Super-Luminous Supernova: Explosion of Star Bigger Than Our Sun Detected

The most powerful supernova ever spotted has been observed by astronomers from the US. The event has been documented in the journal Science.

Artist's impression of the supernova seen from an imaginary planet 10,000 light years away. Photo credits: BEIJING PLANETARIUM.
Artist’s impression of the supernova seen from an imaginary planet 10,000 light years away. Photo credits: BEIJING PLANETARIUM.

A star brighter than our sun – the Universe is full of similar heavenly bodies, but, humans actually observing an exploding one of such magnitude is a big deal indeed. The exploding star, first seen in June 2015, has been radiating great amounts of energy. Its brightness has earned it the nickname “super-luminous supernova”. Its observation was made when it was situated at around 3.8 billion light years from us.

To fully appreciate the greatness of the supernova, hear this out: the explosion was 200 times stronger than your usual supernova such that it shone with a brightness 570 times more pronounced than our Sun’s. The mass of the original star must have been around 50 to 100 times greater than the latter.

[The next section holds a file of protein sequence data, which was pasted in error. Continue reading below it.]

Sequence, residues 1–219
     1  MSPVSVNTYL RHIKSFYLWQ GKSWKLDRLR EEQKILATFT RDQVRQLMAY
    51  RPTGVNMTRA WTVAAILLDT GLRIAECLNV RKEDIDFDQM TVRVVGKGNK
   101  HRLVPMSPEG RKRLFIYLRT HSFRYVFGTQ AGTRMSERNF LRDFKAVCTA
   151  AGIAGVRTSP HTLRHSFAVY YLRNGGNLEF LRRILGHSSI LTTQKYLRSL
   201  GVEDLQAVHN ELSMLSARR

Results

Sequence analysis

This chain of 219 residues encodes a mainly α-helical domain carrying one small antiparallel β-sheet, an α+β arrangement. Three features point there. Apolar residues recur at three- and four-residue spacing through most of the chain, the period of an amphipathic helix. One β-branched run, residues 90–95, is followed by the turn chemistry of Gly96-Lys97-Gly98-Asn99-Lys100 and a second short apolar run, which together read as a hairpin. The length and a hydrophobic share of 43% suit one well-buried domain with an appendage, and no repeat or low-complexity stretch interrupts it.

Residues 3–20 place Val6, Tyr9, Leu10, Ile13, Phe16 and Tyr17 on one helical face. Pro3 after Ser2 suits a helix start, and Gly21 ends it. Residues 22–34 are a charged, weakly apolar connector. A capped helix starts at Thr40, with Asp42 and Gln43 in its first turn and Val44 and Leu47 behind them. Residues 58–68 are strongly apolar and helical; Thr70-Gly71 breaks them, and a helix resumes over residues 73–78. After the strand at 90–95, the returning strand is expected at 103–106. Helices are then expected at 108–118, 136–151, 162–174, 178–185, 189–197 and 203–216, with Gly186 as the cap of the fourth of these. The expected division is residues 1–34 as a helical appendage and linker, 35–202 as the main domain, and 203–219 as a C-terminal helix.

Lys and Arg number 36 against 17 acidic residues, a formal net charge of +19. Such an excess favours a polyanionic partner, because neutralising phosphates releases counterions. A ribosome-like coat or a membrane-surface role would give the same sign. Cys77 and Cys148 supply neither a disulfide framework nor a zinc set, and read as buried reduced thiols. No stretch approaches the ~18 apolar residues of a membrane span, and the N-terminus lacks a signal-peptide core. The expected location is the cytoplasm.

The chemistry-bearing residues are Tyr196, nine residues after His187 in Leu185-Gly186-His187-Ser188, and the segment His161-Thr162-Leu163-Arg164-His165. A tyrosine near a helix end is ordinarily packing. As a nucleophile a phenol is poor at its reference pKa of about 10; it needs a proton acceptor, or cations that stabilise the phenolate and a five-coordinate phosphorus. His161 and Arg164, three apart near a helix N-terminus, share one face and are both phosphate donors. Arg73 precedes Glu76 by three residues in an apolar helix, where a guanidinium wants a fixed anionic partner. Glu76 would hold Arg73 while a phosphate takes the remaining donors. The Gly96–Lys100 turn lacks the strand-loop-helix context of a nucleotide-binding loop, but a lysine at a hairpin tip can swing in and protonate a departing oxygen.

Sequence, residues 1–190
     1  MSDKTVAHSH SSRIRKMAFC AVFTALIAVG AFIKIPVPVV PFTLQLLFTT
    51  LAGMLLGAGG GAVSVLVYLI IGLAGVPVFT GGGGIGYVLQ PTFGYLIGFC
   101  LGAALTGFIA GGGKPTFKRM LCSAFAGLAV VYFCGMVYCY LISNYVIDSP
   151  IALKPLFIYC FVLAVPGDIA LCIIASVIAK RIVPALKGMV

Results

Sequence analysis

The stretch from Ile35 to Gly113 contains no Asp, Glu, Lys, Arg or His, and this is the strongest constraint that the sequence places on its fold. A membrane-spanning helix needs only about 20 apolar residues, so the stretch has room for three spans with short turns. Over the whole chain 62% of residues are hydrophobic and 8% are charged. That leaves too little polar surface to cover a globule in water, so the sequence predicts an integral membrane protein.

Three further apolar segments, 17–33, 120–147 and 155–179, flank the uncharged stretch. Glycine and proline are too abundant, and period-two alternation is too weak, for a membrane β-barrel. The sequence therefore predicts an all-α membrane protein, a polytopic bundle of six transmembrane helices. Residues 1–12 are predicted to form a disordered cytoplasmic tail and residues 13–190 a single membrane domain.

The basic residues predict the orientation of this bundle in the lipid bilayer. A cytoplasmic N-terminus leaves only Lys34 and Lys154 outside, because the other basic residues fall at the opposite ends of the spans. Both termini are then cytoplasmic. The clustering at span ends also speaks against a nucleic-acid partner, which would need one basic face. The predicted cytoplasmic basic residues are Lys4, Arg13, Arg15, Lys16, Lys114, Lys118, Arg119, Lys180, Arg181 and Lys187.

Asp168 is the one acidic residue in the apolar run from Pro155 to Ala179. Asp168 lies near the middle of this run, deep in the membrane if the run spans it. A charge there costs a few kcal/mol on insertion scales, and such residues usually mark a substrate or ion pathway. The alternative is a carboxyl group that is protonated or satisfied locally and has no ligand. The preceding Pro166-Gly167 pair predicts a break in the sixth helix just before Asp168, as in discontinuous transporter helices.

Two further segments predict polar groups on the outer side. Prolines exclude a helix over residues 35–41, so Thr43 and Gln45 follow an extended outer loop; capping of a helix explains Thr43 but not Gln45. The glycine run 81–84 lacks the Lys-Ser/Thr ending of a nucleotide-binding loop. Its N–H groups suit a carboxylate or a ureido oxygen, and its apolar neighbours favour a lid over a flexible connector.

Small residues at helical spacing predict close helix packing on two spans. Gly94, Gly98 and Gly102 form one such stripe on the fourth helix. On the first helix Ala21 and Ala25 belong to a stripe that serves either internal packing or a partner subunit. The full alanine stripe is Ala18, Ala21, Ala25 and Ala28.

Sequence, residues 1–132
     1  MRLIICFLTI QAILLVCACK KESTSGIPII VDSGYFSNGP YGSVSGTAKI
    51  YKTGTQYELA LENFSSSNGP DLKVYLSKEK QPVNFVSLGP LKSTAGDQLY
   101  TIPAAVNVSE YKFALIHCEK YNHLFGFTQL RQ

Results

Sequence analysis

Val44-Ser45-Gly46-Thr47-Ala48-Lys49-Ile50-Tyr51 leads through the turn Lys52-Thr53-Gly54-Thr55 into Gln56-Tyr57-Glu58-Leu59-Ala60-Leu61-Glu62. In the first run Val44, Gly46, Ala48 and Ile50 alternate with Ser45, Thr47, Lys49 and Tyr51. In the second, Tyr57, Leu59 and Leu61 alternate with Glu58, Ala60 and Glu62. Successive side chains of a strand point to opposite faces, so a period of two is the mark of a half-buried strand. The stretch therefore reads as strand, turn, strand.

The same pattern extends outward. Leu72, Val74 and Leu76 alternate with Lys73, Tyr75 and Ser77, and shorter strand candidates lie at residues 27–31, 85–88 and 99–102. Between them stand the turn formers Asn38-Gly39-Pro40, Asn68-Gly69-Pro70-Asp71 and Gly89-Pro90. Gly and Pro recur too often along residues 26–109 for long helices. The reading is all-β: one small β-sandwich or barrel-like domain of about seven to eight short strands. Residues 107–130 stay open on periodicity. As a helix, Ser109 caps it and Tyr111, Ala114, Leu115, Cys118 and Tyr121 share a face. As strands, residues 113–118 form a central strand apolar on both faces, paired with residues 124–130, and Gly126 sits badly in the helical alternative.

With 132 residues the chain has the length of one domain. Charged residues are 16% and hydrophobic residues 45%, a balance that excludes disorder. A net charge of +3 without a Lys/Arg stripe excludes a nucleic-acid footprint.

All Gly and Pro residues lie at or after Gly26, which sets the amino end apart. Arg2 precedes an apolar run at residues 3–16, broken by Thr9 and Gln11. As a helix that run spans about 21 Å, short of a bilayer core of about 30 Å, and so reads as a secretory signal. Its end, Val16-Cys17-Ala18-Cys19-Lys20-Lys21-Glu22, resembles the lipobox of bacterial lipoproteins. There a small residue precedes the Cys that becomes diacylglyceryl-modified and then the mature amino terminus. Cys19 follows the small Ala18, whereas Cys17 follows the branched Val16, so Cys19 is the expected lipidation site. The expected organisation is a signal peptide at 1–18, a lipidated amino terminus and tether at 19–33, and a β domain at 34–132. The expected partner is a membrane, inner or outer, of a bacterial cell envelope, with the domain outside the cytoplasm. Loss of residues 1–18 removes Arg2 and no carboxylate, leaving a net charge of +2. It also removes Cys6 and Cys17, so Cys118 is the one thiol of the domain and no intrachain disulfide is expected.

Researchers attribute its powerful nature to a dense and magnetised object known as magnetar that has allegedly been boosting its explosive activities. The magnetar is believed to have been created as the supernova got more active.

Its occurrence has been described by professor Christopher Kochanek (one of the authors) from Ohio State University: according to him, it is very compact, and might be comparable in size to our Sun; its outward expansion has a speed of around 10,000 km/s.

This type of monster explosions is claimed to have an important impact on the Universe as a whole. Scientists explain that they are behind the production of heavy chemical elements. Furthermore, the resulting shockwaves emanating from the explosion mix gas and dust that will eventually become the next generation of stars.

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